What are the symptoms of mastocytosis?
Symptoms of cutaneous mastocytosis may be related to the accumulation of mast cells in the skin or the uncontrolled release of mediators (referred to as symptoms of mast cell activation or SAMA), or both.
- By far the most common symptom ispigmentary urticaria which manifests itself as small red-brown spots, slightly raised, located mainly on the trunk, the extremities of the limbs and the head. If they swell and redden upon friction, this is the “Darier sign” characteristic of the disease;
- Much more rarely, cutaneous mastocytosis causes the dilation of the capillaries – we speak of Persistent eruptive macular telangiectasia or TMEP;
- The diffuse skin form results in thickening and reddish discoloration of the skin;
- The papulo-nodular form exists only in the child, often from birth; it manifests itself by the appearance of a mastocytomean often single mass of one to a few centimeters in diameter, and of variable color (dark red, yellowish brown, dark brown);
- The release of mediators systematically causes itching and flushs similar to hot flashes which lead to a redness face and upper torso.
If its symptoms suggest an allergy, mastocytosis is distinguished by its chronic rather than episodic nature. Furthermore, the mechanism that leads to the release of mediators differs since in mastocytosis, unlike allergy, this release is autonomous and does not respond to exposure to allergens.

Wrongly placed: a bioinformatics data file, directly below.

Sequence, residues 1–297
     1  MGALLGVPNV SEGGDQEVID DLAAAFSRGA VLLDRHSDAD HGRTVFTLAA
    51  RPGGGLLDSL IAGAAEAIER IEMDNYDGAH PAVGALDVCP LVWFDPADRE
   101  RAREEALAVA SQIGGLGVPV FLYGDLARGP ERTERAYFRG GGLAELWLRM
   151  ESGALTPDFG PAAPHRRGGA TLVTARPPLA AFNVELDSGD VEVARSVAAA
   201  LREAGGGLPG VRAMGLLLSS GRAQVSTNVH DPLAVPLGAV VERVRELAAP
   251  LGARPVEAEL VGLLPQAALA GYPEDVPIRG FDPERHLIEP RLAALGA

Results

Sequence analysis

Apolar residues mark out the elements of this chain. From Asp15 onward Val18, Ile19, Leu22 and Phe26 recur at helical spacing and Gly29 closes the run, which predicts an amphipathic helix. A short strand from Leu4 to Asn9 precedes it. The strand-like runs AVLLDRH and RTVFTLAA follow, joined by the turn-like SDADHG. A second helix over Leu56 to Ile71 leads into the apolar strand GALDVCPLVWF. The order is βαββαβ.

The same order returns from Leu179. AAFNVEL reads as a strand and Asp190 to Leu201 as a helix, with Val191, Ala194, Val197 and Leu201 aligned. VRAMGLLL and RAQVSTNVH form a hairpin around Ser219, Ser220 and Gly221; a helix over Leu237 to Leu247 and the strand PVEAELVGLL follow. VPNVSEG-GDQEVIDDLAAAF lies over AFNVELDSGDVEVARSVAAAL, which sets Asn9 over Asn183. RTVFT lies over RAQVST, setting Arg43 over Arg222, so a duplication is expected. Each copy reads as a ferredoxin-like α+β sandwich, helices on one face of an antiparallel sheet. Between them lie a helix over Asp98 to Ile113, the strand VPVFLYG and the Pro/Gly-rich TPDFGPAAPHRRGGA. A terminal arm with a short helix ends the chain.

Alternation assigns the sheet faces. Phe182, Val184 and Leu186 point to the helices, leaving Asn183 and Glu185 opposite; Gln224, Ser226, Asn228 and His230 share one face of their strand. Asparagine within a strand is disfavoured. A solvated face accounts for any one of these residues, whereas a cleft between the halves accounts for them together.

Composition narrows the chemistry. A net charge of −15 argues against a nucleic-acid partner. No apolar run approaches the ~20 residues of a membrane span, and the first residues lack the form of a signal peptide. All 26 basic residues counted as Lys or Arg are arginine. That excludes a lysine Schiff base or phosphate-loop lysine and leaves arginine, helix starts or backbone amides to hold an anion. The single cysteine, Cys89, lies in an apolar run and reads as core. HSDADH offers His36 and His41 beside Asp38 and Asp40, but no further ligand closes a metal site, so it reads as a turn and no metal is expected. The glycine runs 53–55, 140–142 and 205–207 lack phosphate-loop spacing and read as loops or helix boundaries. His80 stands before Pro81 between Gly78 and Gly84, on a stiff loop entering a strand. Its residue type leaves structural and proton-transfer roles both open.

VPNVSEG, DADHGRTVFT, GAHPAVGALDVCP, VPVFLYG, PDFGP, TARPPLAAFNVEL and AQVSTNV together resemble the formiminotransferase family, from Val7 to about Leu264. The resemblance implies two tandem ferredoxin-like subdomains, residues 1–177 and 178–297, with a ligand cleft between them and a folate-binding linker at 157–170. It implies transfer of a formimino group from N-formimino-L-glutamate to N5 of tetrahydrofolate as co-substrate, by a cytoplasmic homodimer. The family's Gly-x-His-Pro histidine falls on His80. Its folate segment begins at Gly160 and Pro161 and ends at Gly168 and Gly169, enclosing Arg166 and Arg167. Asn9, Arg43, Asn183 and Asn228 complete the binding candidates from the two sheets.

Systemic mastocytosis only exists in adults. There are 3 forms:
- The indolent systemic mastocytosis (MSI) : by far the most common, it represents 80% of cases in adults. In addition to the skin involvement, almost always present (90% of cases), it is characterized by an infiltration of abnormal mast cells into other organs such as the digestive tract, the liver, the spleen or the bone. The affected organs continue to function normally, and the only symptoms, when they exist, are those linked to mast cell activation;
- The latent systemic mastocytosis (LSM) or smouldering systemic mastocytosis (MSS): uncommon, it is characterized by a greater infiltration of abnormal mast cells into other organs, which results in an increase in their volume and an increase in the level of tryptase in the blood. Here again, the main symptoms are linked to mast cell activation;
- Even rarer, the aggressive systemic mastocytosis. In this form, the infiltration of the organs is such that their functioning is impaired, leading to “failure”: liver failure if the liver is affected, renal failure if it is the kidney, or even heart failure if it is the heart. . Urgent treatment is necessary because the vital prognosis is still engaged.
Whatever its form, systemic mastocytosis can be associated with a non-mast cell hematological disease (MS-AHNMD) such as myelodysplastic syndrome (qualitative defect in the production of blood cells by the bone marrow) or myeloproliferative syndrome (excess production of the marrow bone).